The visual representation of a customer's steps before their purchase can be defined in another manner popularly known as the AIDA framework.

Basic pipeline anatomy - the AIDA model 

Decades back, Elias St. Elmo Lewis propounded a seemingly simple structure that analyzes a customer's buying journey, now widely known as AIDA (Attention, Interest, Desire, and Action) model. Some models use awareness and attention interchangeably when they expand the "A" of the model. Nevertheless, this structure caught the attention of marketers who firmly hold the opinion that external stimuli are what lead to a favorable response from their target audience.

The funnel can look a tad different for B2B and B2C businesses.

"Marketing funnel for B2C and B2B companies"

Source: Skyword

Let's dive into the AIDA framework.


Think of this as another term for the top of the funnel. Your customer realizes they need or want something. They know what they need but they are not confident about what exactly to buy or where to buy it. This is the awareness stage, where customers are aware they need to make a purchase. They may have seen their favorite Instagrammer post something with tags, "#ad" or "collab" or "#paid partnership," piquing their curiosity. Or, they might have simply searched for a solution on Google.

If you happen to have a strong marketing plan, your customer might stumble upon your brand on Google, Instagram, or any other online channels. For you, this is the lead generation phase where you try to collect the information of your customers and classify them so they can be guided further down the funnel.

Goal: Make a great first impression and draw them into your ecommerce site. Work towards creating brand awareness and generating leads.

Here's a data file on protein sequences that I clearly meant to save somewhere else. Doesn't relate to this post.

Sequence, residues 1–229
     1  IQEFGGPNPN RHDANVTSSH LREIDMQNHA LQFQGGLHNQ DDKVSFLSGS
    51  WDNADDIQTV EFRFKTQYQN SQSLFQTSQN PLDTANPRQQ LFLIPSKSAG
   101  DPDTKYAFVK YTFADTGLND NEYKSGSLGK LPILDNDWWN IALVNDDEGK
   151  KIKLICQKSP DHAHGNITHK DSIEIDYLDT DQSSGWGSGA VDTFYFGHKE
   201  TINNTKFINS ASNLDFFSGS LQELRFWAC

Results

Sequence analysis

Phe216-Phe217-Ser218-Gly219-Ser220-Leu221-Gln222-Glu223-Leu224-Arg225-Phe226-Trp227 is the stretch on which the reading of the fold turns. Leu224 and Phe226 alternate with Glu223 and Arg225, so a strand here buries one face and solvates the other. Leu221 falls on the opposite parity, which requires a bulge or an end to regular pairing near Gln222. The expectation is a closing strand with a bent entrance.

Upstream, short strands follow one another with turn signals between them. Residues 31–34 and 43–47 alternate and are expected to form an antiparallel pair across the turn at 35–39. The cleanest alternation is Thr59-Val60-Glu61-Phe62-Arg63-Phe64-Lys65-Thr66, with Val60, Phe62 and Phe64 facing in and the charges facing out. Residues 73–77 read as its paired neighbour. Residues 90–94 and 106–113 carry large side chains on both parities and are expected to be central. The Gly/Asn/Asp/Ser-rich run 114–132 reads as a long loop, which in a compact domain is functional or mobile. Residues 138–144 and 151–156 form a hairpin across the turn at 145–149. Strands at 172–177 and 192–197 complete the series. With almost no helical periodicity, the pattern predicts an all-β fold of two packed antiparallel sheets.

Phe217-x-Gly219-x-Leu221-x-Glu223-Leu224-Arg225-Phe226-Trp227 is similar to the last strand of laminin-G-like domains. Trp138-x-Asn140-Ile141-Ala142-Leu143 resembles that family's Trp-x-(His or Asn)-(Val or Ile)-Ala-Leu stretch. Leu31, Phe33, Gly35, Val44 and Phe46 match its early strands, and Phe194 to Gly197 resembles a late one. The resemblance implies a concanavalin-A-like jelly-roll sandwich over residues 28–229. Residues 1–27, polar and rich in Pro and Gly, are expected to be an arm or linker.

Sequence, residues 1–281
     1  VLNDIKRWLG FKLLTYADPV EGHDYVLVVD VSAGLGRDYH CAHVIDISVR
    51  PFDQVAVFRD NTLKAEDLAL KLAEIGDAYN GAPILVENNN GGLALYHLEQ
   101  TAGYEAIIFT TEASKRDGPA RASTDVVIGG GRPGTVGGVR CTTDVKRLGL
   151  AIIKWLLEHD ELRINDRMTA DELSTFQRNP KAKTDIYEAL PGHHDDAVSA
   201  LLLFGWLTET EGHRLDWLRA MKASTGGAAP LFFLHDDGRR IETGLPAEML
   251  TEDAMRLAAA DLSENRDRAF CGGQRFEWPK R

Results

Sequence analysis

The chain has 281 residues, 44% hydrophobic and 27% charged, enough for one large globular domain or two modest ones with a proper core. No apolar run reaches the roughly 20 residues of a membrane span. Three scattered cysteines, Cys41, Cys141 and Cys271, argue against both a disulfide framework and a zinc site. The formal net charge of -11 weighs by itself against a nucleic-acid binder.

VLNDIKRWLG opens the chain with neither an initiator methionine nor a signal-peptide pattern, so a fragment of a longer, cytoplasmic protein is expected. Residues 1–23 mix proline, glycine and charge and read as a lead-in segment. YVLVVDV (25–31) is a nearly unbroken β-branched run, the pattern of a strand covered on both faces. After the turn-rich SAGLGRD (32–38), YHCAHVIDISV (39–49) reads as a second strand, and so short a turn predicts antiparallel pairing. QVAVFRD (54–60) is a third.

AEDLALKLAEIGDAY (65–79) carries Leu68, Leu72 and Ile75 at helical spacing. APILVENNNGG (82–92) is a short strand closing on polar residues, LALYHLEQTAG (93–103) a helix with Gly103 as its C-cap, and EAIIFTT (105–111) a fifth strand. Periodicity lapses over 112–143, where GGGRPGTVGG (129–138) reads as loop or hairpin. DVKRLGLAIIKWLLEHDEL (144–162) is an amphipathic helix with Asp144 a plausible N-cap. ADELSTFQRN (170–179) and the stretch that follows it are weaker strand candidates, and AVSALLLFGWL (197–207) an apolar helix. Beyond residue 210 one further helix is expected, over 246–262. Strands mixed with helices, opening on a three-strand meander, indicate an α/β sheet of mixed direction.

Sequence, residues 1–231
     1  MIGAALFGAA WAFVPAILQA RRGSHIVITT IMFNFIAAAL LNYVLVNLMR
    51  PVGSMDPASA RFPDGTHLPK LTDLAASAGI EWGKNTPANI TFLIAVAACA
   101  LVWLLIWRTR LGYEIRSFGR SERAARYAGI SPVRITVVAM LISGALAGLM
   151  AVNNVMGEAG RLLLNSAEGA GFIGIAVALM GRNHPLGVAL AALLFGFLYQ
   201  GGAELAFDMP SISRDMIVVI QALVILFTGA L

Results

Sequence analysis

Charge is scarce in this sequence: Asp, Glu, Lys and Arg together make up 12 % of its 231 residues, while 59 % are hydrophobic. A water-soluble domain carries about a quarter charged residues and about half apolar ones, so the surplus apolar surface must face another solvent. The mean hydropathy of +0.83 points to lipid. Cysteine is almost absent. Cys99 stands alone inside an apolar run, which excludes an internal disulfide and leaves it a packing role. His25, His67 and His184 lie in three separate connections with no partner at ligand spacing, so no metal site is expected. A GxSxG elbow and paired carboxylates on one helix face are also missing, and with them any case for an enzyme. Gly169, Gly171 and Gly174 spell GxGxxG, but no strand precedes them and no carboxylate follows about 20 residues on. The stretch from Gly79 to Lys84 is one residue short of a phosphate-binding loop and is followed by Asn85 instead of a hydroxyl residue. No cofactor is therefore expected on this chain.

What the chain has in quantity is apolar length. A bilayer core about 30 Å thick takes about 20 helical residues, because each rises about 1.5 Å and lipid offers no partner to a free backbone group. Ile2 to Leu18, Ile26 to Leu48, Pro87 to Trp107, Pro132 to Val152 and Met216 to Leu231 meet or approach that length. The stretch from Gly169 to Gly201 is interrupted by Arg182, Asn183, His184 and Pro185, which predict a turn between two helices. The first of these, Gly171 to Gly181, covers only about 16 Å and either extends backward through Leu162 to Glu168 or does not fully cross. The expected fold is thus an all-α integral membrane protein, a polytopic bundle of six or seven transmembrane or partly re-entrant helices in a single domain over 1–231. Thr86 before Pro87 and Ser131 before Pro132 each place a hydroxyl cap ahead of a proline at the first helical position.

Marketing devices


  • SEO initiatives - Intertwined with the rest of your marketing efforts, SEO practices are blended into content creation, social media, website pages, etc. This is particularly useful for the awareness stage where customers who still don't know about your brand need to discover it.

  • Social media (organic) - You are what your social media is. Do not shy away from utilizing all platforms, including question-and-answer ones like Quora or Reddit, which may be an excellent TOFU/Awareness medium. Make a great first impression at this stage.

  • Content marketing - Your top funnel content, aimed at first-time website visitors, needs to be informative and engaging. Write short articles, and create interesting podcasts and videos disseminating knowledge and advice. Even a B2C sports brand like Nike runs a podcast to discuss nutrition, sleep, and other facets of health. Focus on informational keywords (words that people type into search engines to seek information or answer their query) to start ranking well on search engine results pages.


  • Paid ads - Pay search engines, social media, and websites to get online ad space and customers' attention. It's a great way to increase traffic, but make sure you don't attract the wrong audience. Check the metrics and fine-tune your campaigns regularly. Pay-per-click (PPC) ads, text ads, responsive display ads, video ads, product shopping ads, and social media are some examples of paid ads.

  • Social media (paid) - An extension of the previous point, you can choose to connect with your audience on Facebook, Instagram, Snapchat, Twitter, LinkedIn, and other social media platforms. Experiment with carousel ads, single-image ads, text ads, and more. 

  • Influencer marketing - Tap into the popularity and existing fan base of influencers to create brand awareness. Find out your goals, scout for the right influencer whose work resonates with the brand, and check for their follower count, engagement, reach and specialization before you collaborate with an influencer.

  • Affiliate marketing - Use the influence and popularity of an affiliate member who'll promote your products on their channels via blogs, videos, emails, or ads. Traffic via affiliate marketers can be pretty useful as they might be your exact target audience who are in search of solutions/products that you have to offer. This can prove beneficial in the awareness stage.

How to measure ROI: Check your organic traffic, direct traffic, impressions (number of times your ad renders on users' screens), and increase in social media followers and social engagement.